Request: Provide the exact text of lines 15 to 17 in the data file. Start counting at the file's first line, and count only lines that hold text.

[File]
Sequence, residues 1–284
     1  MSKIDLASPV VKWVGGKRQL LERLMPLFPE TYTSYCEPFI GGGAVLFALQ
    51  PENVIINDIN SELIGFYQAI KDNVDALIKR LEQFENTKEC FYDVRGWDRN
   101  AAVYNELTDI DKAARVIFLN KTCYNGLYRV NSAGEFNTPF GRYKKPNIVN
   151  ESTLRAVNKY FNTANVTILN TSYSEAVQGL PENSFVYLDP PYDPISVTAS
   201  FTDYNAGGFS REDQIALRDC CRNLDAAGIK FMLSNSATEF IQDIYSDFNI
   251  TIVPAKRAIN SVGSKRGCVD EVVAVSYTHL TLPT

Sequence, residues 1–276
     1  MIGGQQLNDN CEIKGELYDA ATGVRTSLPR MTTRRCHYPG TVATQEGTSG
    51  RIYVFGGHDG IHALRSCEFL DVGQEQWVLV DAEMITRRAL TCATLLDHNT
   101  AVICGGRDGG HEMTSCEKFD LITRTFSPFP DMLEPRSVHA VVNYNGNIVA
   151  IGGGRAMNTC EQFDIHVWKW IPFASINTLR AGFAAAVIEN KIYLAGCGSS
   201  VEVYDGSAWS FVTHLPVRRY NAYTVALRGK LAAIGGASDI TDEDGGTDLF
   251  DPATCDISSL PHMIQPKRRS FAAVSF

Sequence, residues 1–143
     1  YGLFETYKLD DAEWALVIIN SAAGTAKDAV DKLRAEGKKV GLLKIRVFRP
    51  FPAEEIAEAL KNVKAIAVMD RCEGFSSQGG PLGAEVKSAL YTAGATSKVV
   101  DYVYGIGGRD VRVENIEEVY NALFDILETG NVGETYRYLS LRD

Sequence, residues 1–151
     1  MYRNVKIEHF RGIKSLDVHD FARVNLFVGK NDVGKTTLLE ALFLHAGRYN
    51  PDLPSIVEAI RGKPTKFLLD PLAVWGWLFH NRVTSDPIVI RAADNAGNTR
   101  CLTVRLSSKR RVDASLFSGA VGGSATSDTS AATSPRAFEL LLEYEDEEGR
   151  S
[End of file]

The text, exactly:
Sequence, residues 1–143
     1  YGLFETYKLD DAEWALVIIN SAAGTAKDAV DKLRAEGKKV GLLKIRVFRP
    51  FPAEEIAEAL KNVKAIAVMD RCEGFSSQGG PLGAEVKSAL YTAGATSKVV